Date: Saturday, November 6, 2021
Session Title: SLE – Diagnosis, Manifestations, & Outcomes Poster I: Diagnosis (0323–0356)
Session Type: Poster Session A
Session Time: 8:30AM-10:30AM
Background/Purpose: Systemic lupus erythematosus (SLE) is a chronic, multi-organ, autoimmune disease whose prevalence in the US has not been recently updated in real-world studies. Prevalence estimates range from 50-150 per 100,000 adults in the US, but these estimates are due to be refreshed. In addition, the heterogeneity of the clinical manifestations of SLE and lack of a diagnostic test make SLE prevalence challenging to quantify. Therefore, our study sought to utilize recent nationally representative population data to estimate prevalence estimates of SLE in the US.
Methods: We analyzed data from the 2016 – 2018 Medical Expenditure Panel Surveys (MEPS), an annual survey using a complex sampling strategy to represent the US civilian non-institutionalized population. Prevalence was defined as self-reported SLE diagnosis with additional SLE-related medication use and/or any rheumatologist visit during the calendar year. Two other SLE diagnostic criteria were used as a sensitivity analysis (sensitive: SLE diagnosis only; restrictive: SLE diagnosed and currently treated). Self-reported SLE was linked to a specific visit to a healthcare professional (outpatient or inpatient). The annual prevalence was reported per 100,000 US adults and 95 % confidence interval (CI) stratified by key demographic characteristics.
Results: From 2016-2018, 96,996 adults reported annual data in MEPS, of which 199 (0.20%) reported SLE diagnosis, 154 (0.16%) respondents report SLE with either SLE-related medication and/or rheumatologist visit, and 139 (0.14%) respondents reported SLE with SLE-related medication. The pooled weighted annual prevalence of SLE using each respective SLE-definition was 261 ( 95% CI: 203, 319); 195 (95% CI: 149, 242) and 168 (95% CI: 130, 206) per 100,000 adults. From 2016 to 2018, the prevalence of SLE appeared to increase slightly. The prevalence of SLE was about 9 times higher in females compared to males (343 vs. 37 per 100,000 adults). Individuals who reported Black or multiple races and Mexican Hispanic ethnicity appeared to have a higher prevalence of SLE compared to white or non-Hispanic adults, respectively. Respondents with public insurance (Medicare or Medicaid) were twice as likely to report SLE than those privately insured (311 vs. 168 per 100,000 adults). Respondents in the Southern region of the US had a slightly higher prevalence of SLE compared to other regions (North, West, or East). The 95% confidence intervals were relatively wide across most stratified analyses, limiting the ability to detect population differences.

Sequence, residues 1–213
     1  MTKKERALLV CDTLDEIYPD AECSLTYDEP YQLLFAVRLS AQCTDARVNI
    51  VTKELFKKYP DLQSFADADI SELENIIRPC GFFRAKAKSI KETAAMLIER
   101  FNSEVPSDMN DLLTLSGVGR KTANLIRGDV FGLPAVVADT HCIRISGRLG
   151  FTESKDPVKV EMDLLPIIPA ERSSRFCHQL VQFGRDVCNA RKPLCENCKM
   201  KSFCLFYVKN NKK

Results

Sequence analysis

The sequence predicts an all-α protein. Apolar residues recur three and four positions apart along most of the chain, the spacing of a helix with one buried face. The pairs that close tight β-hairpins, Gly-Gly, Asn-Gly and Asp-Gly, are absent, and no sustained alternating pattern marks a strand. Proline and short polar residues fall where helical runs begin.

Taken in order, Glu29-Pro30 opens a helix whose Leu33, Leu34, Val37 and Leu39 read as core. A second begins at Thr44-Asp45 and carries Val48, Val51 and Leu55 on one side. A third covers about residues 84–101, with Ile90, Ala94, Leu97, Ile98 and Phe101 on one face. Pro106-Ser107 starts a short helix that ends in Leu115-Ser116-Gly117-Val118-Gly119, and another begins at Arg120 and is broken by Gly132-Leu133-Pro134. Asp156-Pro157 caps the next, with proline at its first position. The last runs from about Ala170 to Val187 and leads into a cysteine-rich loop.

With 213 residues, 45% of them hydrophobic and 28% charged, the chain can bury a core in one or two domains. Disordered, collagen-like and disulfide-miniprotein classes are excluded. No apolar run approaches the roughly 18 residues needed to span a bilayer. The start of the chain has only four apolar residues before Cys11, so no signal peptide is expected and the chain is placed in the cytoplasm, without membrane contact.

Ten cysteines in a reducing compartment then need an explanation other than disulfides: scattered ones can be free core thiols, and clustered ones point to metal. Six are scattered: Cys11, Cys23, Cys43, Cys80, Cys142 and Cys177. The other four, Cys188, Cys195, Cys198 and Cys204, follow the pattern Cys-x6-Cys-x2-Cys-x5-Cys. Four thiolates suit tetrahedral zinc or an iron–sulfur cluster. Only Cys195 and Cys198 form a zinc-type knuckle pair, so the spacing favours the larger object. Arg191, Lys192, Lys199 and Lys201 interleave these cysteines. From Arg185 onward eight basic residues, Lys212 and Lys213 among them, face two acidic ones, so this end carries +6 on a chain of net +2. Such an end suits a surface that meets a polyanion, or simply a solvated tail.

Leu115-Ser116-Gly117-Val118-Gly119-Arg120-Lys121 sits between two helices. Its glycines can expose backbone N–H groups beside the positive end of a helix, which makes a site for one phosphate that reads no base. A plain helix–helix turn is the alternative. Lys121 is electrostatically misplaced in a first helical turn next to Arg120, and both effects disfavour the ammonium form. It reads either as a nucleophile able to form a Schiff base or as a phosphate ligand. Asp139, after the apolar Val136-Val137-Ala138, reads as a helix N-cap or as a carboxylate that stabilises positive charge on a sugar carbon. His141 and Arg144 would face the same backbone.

Conclusion: The self-reported SLE prevalence in the US was higher across all three disease definitions in MEPS than the currently accepted estimate of 50 to 150 per 100,000 adults. Similar to other studies, females, Black, and Hispanic respondents were found to have a higher prevalence of SLE compared to males and white or non-Hispanic individuals. While many real-world studies include only single-payer populations, we demonstrate a more diverse payer patient-population and a higher burden of SLE. SLE prevalence is challenging to quantify; however, this study suggests that the actual US of SLE prevalence may be higher than reported.
To cite this abstract in AMA style:Pollack M, Sze-jung Wu S, Farrelly E, Grabich S, Ortmann R. Prevalence of Systemic Lupus Erythematosus in the United States: Updated Population Representative Estimates from the Medical Expenditure Panel Survey (MEPS) 2016-2018 [abstract]. Arthritis Rheumatol. 2021; 73 (suppl 9). https://acrabstracts.org/abstract/prevalence-of-systemic-lupus-erythematosus-in-the-united-states-updated-population-representative-estimates-from-the-medical-expenditure-panel-survey-meps-2016-2018/. Accessed June 2, 2023.
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ACR Meeting Abstracts - https://acrabstracts.org/abstract/prevalence-of-systemic-lupus-erythematosus-in-the-united-states-updated-population-representative-estimates-from-the-medical-expenditure-panel-survey-meps-2016-2018/